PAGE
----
Remembrance Events

The Holocaust Memorial Resource and Education Center pays tribute to the memory of Survivors and the victims of the Holocaust and reaffirms our unwavering commitment to honor their legacy

International Holocaust Remembrance Day

two people holding microphones and sitting in chairs. They seem to be addressing some sort of audience

This date marks the anniversary of the liberation of Auschwitz-Birkenau by Soviet troops on 27 January 1945. It was officially declared, in November 2005, International Day of Commemoration in Memory of the Victims of the Holocaust by the U.N. General Assembly. 

Yom HaShoah

Yom Hashoah was inaugurated in 1953 as a day for the citizens of Israel to remember those murdered during the Holocaust. It is scheduled in the Jewish calendar on the 27th of Nisan, which falls in April or May.  It marks the beginning of the Warsaw Ghetto Uprising of 1943 when Jews learned the Germans planned to deport all the people who remained in the Warsaw ghetto to Treblinka. A group of mostly young people formed an organized resistance. The leader of the resistance Mordecai Anielewicz issued a proclamation calling for the Jewish people to resist going to the railroad cars. Finally, in a desperate last stand, the remaining Jewish inhabitants of the walled-in enclave began a hopeless month-long battle against the Nazis. It was the first time during the war that resistance fighters in an area under German control had staged an uprising. It would end in the complete destruction of the ghetto.

All in all, several thousand Jews had been buried in the debris, and more than 56,000 had been captured. About 30,000 of them were either immediately shot or transported to death camps. The remainder were sent to labor camps. Anielewicz said shortly before his death. “My life’s dream has been realized,” he said. “I have lived to see Jewish defense in the ghetto rally its greatness and glory.”

Yom Hashoah may seem similar to International Holocaust Remembrance Day, but they are two distinct events.  Yom HaShoah is the Jewish community’s day for internal reflection. It provides an opportunity to educate children; to unite in passing on the torch of remembrance; to honor the victims of the Holocaust, and to recognize the achievements of its survivors and refugees who have given so much to our society.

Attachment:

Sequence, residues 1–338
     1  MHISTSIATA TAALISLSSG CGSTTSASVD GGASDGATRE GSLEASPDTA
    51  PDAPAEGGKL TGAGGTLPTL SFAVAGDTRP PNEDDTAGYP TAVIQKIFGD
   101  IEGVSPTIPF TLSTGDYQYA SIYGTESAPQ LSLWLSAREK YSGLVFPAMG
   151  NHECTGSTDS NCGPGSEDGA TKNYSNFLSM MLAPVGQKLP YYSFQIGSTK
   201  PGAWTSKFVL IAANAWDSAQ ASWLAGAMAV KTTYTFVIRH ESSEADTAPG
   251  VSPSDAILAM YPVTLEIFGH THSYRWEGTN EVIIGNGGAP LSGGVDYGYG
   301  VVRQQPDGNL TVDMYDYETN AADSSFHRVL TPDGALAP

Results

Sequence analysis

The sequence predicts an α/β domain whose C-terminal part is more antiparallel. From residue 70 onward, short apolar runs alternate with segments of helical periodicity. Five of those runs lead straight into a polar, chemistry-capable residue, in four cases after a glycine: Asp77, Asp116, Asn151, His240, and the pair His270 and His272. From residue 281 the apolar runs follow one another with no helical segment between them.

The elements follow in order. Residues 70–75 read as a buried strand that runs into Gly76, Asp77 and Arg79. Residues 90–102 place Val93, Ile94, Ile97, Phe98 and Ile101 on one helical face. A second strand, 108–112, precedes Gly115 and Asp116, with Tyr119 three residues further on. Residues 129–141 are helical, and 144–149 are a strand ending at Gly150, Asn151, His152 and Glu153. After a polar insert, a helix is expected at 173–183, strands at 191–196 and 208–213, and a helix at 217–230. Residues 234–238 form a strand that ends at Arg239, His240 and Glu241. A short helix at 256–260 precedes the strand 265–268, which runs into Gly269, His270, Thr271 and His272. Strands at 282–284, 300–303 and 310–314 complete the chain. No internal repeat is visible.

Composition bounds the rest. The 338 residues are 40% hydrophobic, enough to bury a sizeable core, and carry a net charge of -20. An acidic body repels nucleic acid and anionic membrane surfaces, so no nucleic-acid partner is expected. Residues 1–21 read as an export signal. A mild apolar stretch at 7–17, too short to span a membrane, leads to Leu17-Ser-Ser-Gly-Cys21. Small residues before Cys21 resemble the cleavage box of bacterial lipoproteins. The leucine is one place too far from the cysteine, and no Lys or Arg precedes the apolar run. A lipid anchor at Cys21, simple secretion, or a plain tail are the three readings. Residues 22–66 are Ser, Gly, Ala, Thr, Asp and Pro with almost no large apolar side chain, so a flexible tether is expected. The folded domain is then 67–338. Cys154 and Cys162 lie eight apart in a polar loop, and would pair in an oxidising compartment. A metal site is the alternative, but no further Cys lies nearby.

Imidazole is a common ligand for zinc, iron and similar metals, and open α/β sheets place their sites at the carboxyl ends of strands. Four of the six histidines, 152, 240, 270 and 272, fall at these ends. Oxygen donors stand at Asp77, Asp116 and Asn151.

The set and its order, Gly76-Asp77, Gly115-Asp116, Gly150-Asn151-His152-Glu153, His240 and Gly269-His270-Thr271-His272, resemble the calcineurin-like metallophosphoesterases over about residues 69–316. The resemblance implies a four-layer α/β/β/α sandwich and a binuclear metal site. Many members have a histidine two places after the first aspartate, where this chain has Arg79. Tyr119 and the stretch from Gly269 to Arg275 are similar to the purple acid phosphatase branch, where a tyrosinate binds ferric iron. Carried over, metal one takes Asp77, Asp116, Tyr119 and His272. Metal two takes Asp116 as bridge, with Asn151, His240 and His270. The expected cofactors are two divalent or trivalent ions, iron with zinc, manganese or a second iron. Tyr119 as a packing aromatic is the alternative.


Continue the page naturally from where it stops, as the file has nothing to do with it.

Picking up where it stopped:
two women standing over a lit candle

Kristallnacht

Two men looking at two broken glass windows of a store front

Kristallnacht is the german word meaning “night of broken glass.” Over a period of 48 hours on November 9th and 10th, 1938, violent mobs, spurred by antisemitic exhortations from Nazi officials, destroyed hundreds of synagogues, burning or desecrating Jewish religious artifacts along the way. 

Acting on orders from Gestapo headquarters, police officers and firefighters did nothing to prevent the destruction. All told, approximately 7,500 Jewish-owned businesses, homes, and schools were plundered, and 91 Jews were murdered. An additional 30,000 Jewish men were arrested and sent to concentration camps. Nazi officials immediately claimed that the Jews themselves were to blame for the riots, and a fine of one billion reichsmarks (about $400 million at 1938 rates) was imposed on the German Jewish community.

 Kristallnacht is regarded an essential turning point in Nazi Germany’s persecution of Jews and stands as a reminder of the importance of standing up against all forms of prejudice and hate.

That terrifying night marks the beginning of Hitler’s ‘Final Solution.” It was the moment that should have erased any doubt about Hitler’s intentions. Jewish lives were in jeopardy, and clearly there would be further tragedy. Yet, the world stood by in silence.